John Edgar "Jack" Webster was born in Glasgow, Scotland on April 15, 1918. His father was an iron turner who fitted pumps on battle cruisers and merchants ships. His mother was an ambitious woman by the name of Daisy and she encouraged her three surviving sons to exceed.
At the age of 14, Webster began working on the Glasgow Evening Times and worked on several other newspapers. He also married Margaret Macdonald and fought in the Second World War, making it to the rank of Major.
Webster came to Vancouver in 1947 and got a job with the Vancouver Sun newspaper. He covered the labour beat there.
In 1953, Webster began working for CJOR. It was there that he introduced Vancouverites to the wonders of phone-in shows. Jack was able to get to the facts in a story that mattered to people, that would draw the audience in. He seemed to have a sense of what his listeners - and later viewers - would find important.
He could come gruff and stern - especially if he was interviewing you and you were hesitant to answer his questions - but he was apparently a kind and gracious to those seeking his help.
In 1963, when a group of inmates were caught trying to escape and in turn took hostages, the criminals requested the Jack Webster be the mediator and he was able to end to the standoff.
In 1977, Jack Webster began the morning television hot-line show Webster in which interviewed celebrities, news makers and politicians. Webster loved the thrust and parry of a good interview and for the nine years the show was on the air, it was must see for many British Columbians.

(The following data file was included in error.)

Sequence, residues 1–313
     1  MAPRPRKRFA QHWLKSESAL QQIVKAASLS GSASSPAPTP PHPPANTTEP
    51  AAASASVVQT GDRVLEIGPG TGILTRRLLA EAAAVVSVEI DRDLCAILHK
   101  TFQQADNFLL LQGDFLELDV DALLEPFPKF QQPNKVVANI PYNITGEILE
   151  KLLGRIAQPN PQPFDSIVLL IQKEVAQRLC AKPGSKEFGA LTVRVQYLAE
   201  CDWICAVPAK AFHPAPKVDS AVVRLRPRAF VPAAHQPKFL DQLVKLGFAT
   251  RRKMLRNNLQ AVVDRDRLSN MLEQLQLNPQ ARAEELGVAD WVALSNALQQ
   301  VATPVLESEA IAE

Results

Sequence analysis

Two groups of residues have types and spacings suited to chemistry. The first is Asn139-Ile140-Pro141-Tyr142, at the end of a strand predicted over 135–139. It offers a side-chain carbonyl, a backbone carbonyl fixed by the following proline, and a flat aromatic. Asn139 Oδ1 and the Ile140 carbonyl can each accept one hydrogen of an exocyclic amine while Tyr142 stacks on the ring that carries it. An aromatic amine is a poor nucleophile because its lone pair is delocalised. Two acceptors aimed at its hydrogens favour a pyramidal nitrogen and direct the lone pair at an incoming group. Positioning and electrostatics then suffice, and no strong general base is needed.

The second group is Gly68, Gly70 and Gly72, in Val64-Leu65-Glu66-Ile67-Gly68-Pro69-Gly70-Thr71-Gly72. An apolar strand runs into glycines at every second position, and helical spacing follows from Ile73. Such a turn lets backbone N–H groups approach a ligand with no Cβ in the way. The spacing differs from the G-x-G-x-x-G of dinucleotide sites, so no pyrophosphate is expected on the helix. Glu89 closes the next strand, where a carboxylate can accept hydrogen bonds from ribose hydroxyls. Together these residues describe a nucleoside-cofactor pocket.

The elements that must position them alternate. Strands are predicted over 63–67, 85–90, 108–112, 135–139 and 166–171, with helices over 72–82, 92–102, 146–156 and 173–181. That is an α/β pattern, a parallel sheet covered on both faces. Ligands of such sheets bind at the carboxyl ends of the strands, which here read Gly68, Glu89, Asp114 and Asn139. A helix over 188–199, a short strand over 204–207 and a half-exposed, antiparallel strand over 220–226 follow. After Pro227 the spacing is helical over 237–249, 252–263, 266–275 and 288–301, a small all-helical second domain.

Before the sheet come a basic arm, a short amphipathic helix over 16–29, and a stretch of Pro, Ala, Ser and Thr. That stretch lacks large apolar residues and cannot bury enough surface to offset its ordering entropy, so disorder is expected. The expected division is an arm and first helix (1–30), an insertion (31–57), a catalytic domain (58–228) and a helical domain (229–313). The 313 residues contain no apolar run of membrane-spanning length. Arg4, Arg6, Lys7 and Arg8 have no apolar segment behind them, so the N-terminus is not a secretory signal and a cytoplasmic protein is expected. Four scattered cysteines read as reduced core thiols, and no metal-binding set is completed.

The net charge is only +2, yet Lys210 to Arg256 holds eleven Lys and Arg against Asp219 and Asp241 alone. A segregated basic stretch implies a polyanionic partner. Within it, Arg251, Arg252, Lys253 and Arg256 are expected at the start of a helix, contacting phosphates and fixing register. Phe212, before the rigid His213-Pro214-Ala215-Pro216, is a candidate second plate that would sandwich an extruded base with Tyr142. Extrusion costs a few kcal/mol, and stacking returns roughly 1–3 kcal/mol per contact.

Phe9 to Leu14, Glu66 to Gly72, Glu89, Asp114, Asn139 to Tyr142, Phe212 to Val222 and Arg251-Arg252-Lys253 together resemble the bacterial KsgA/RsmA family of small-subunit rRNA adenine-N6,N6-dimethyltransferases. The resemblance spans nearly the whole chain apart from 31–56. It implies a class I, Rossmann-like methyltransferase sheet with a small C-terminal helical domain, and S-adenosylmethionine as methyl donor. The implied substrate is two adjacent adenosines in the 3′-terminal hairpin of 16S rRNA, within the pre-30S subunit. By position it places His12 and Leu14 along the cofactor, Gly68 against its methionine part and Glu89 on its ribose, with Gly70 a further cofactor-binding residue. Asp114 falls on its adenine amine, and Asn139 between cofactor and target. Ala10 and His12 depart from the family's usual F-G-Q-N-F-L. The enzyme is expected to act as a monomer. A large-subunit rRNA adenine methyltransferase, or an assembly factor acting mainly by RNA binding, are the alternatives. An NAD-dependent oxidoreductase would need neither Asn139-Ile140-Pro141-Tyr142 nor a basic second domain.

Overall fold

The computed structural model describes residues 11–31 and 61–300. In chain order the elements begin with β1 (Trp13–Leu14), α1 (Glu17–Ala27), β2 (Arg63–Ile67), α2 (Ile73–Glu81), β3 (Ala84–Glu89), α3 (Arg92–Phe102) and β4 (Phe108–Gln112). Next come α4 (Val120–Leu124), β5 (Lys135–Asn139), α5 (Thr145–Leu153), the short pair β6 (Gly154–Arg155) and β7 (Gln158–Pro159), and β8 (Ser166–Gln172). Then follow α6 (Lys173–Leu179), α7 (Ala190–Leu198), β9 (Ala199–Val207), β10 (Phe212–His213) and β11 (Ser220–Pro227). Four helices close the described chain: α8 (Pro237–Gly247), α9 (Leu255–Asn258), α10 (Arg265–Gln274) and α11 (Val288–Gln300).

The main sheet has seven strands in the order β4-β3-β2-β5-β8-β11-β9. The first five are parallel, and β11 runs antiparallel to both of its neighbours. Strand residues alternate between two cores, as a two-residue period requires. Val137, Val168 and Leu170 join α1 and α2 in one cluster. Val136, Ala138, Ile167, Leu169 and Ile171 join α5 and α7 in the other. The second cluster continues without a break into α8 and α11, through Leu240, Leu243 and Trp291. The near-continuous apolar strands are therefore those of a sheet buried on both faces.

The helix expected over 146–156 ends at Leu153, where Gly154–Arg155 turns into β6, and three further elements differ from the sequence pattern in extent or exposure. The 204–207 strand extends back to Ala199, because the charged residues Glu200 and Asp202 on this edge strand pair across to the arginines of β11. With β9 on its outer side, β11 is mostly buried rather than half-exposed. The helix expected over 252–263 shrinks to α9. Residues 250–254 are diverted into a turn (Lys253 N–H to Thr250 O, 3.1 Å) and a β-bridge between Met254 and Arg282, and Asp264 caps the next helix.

Webster is reported as having said that interviewing former Prime Minister Pierre Trudeau made him nervous. Trudeau apparently asked after a Webster interview 'Why does that man hate me?'
In 1990, Jack joined Front Page Challenge, a long running CBC television program. He was their permanent fourth panel member until the show's cancellation in 1995.
In 1987, Webster was inducted into the Canadian News Hall of Fame and in 1988, he was made a member of the Order of Canada.
As I said, Webster could be gruff. He could bellow and holler but those close to him say that his gruff exterior hid a soft and caring interior. Actor Shirley MacLaine said that Jack brought out her maternal instincts. And though in later years, Webster stated that he had felt he had made a mistake of making his job more important than his family, his family disagreed. His three children noted that he not only made time for them but also for the nine grandchildren he had.
In 1986, the Jack Webster Foundation was created to promote and honour excellence in journalism in British Columbia. Each year, journalists judged to have outstanding work receive a Jack Webster Award - a glass statue and a cash prize that has become a mark of journalistic excellence in British Columbia. From the single award in 1987, it has now grown into thirteen awards that cover numerous areas of journalism.
On March 2, 1999, Jack Webster passed away of congestive heart failure at the age of 80. Although Alzheimer's disease invaded his mind in the last few years of his life and robbed him of some of his precious memories, Jack Webster will remain the legend he became in his lifetime.
I hope you find the beauty around you.
Karen Magill, Vancouver, CJOR, history, Front Page Challenge, British Columbia Jack Webster, Vancouver Sun, Alzheimers, Shirley MacLean, Pierre Trudeau, CBC